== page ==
EICAR test file

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The EICAR Anti-Virus Test File[1] or EICAR test file is a computer file that was developed by the European Institute for Computer Antivirus Research (EICAR) and Computer Antivirus Research Organization (CARO), to test the response of computer antivirus (AV) programs.[2] Instead of using real malware, which could cause real damage, this test file allows people to test anti-virus software without having to use a real computer virus.[3]

Anti-virus programmers set the EICAR string as a verified virus, similar to other identified signatures. A compliant virus scanner, when detecting the file, will respond in more or less the same manner as if it found a harmful virus. Not all virus scanners are compliant, and may not detect the file even when they are correctly configured. Neither the way in which the file is detected nor the wording with which it is flagged are standardized, and may differ from the way in which real malware is flagged, but should prevent it from executing as long as it meets the strict specification set by European Institute for Computer Antivirus Research.[4]

The use of the EICAR test string can be more versatile than straightforward detection: a file containing the EICAR test string can be compressed or archived, and then the antivirus software can be run to see whether it can detect the test string in the compressed file. Many of the AMTSO Feature Settings Checks[5] are based on the EICAR test string.[5]

The developers of one anti-virus software, Malwarebytes, have said that they did not add the EICAR test file to their database, because "adding fake malware and test files like EICAR to the database takes time away from malware research, and proves nothing in the long run."[6][7]


The file is a text file of between 68 and 128 bytes[8] that is a legitimate executable file, called a COM file, that can be run by MS-DOS, some work-alikes, and its successors OS/2 and Windows (except for 64-bit due to 16-bit limitations). When executed, the EICAR test file will print "EICAR-STANDARD-ANTIVIRUS-TEST-FILE!" and then will stop. The test string was written by noted anti-virus researchers Padgett Peterson and Paul Ducklin and engineered to consist of ASCII human-readable characters, easily created using a standard computer keyboard[citation needed]. It makes use of self-modifying code to work around technical issues that this constraint imposes on the execution of the test string.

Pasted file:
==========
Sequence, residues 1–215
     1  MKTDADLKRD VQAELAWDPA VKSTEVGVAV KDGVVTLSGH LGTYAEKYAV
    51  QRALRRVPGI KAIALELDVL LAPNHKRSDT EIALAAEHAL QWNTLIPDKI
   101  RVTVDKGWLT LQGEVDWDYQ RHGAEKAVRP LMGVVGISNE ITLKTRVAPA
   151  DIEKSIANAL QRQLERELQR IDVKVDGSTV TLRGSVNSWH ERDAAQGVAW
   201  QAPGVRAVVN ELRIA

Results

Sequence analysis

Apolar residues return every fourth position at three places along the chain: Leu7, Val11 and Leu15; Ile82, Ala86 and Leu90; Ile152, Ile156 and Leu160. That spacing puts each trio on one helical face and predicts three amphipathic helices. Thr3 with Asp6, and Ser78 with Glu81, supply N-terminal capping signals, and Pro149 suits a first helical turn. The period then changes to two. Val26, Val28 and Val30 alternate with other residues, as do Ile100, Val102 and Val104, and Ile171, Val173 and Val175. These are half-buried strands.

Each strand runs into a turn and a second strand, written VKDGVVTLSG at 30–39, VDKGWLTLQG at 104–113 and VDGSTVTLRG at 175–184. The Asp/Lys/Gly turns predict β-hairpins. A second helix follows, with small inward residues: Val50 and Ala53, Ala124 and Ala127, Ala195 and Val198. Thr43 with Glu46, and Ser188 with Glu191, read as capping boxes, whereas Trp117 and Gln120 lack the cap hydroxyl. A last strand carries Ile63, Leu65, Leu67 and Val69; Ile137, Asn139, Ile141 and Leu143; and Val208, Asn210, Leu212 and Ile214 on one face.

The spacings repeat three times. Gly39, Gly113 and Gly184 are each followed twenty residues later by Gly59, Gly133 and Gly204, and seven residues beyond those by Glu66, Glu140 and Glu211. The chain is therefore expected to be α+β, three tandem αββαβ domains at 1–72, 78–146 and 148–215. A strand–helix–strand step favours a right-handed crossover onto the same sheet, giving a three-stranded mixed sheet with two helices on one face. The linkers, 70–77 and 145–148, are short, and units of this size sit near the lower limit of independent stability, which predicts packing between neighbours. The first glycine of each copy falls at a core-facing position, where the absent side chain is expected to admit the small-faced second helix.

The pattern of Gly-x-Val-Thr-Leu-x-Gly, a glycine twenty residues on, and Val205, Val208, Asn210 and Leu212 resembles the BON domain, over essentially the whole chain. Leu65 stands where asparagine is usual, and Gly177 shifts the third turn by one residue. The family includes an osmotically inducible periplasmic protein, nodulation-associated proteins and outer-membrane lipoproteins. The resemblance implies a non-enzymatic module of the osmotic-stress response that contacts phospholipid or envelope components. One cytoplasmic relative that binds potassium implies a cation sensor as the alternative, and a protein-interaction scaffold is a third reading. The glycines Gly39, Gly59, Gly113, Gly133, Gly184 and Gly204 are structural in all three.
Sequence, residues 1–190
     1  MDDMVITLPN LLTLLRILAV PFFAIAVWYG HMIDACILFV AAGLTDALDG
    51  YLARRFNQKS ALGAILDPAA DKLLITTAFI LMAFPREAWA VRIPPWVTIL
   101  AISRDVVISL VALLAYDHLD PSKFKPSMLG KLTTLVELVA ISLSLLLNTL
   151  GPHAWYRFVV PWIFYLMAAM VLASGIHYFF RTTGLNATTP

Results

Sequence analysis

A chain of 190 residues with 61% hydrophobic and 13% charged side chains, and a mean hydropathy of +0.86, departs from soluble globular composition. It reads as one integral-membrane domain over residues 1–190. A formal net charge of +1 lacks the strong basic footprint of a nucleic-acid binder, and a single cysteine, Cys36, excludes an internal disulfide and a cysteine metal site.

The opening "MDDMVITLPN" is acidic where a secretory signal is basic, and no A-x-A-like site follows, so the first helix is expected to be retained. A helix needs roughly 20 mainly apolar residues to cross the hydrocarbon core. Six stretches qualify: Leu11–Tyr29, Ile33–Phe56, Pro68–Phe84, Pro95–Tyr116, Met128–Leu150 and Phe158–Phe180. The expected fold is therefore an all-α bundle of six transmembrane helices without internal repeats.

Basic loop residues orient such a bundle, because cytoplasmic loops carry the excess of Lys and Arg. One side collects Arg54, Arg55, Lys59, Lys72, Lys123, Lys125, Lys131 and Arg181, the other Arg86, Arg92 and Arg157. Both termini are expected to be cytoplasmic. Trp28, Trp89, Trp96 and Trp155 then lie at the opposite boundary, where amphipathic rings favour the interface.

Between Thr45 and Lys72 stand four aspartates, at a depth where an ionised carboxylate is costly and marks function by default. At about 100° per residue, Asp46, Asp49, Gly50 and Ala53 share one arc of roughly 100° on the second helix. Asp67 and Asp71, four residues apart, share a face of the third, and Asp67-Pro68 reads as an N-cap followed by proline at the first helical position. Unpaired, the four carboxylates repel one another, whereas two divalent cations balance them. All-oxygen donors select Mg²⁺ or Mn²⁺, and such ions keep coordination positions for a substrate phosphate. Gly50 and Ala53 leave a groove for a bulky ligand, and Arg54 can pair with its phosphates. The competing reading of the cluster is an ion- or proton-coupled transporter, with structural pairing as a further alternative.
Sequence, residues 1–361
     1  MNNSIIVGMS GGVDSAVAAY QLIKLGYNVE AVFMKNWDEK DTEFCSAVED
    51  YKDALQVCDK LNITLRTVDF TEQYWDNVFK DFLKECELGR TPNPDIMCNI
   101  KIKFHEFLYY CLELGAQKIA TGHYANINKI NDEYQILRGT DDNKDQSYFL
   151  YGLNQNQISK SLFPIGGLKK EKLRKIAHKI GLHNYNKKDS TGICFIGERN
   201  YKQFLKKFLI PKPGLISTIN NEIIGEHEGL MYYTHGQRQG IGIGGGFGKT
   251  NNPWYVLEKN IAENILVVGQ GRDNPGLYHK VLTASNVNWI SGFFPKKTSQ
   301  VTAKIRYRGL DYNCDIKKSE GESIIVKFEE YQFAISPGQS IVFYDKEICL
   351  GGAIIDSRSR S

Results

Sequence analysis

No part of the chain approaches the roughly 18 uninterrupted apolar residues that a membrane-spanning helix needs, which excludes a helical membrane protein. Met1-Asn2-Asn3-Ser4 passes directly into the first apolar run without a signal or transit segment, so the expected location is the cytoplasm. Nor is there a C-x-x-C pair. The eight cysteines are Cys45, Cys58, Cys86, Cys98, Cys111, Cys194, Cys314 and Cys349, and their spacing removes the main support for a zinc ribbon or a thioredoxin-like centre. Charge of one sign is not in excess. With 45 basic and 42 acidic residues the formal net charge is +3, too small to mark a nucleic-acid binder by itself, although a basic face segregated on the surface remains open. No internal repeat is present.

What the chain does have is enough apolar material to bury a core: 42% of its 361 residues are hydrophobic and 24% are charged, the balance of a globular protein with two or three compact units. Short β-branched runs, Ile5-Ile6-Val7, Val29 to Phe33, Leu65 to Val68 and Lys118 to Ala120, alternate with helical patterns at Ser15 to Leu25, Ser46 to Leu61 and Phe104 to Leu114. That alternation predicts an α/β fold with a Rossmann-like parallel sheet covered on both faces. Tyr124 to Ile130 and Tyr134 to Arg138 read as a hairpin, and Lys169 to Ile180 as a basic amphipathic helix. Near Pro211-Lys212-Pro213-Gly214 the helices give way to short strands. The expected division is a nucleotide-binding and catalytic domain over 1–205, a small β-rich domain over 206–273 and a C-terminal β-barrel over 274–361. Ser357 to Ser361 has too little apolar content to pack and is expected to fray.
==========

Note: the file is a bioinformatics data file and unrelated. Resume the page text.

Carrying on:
The EICAR test string[9] reads:[10]


NOTE: The third character is the capital letter 'O', not the digit zero.

The string's hash values (including the trailing newline character) are as follows:

Hash type Value
CRC32 1dd02bdb
MD5 69630e4574ec6798239b091cda43dca0
SHA1 cf8bd9dfddff007f75adf4c2be48005cea317c62
SHA224 a2e3aa5b0d6b05643f99e619c2d16deef927d171861477696be5b4c0
SHA256 131f95c51cc819465fa1797f6ccacf9d494aaaff46fa3eac73ae63ffbdfd8267
SHA384 10cc0011d21012867900a17757c239025dac46589f8e08ef93916d773a1dcc6257b357e408112d0d09fc9d3401d25700
SHA512 5581f85b25f0d80fa84c69e7ca24d98344f5fbaec45b7707dccf139a8c065961391d6e762516ee1db3137c4d82eca7fbc67c348c37ea0d615bb88161cf3b3008

See also[edit]


  1. ^ "Is Your Antivirus Working?". PCMAG. Retrieved 2017-04-17.
  2. ^ Hay, Richard (2016-09-12). "How To: Test the SmartScreen Filter and Windows Defender Detection Scenarios". IT Pro Today. Retrieved 2019-07-03.
  3. ^ Hess, Ken. "360 Total Security Anti-virus first impressions: Refreshingly subtle but thorough | ZDNet". ZDNet. Retrieved 2017-04-17.
  4. ^ "The Use and Misuse of Test Files in Anti-Malware Testing" (PDF). AMTSO. 2012-02-24. Retrieved 2019-07-03.
  5. ^ a b "AMTSO Security Features Check Tools". AMTSO.
  6. ^ "Malwarebytes can't detect EICAR Test Virus". Malwarebytes Forums.
  7. ^ "Malwarebytes 3 - Frequently Asked Questions". Malwarebytes Forums.
  8. ^ Eddy Willems, “The Winds of Change: Updates to the EICAR Test File”, Virus Bulletin, June 2003, pp.13-15
  9. ^ "EICAR-STANDARD-ANTIVIRUS-TEST-FILE". Retrieved July 21, 2019.
  10. ^ "EICAR test file | Virus Profile & Definition". McAfee Inc. Retrieved 2017-04-17.

External links[edit]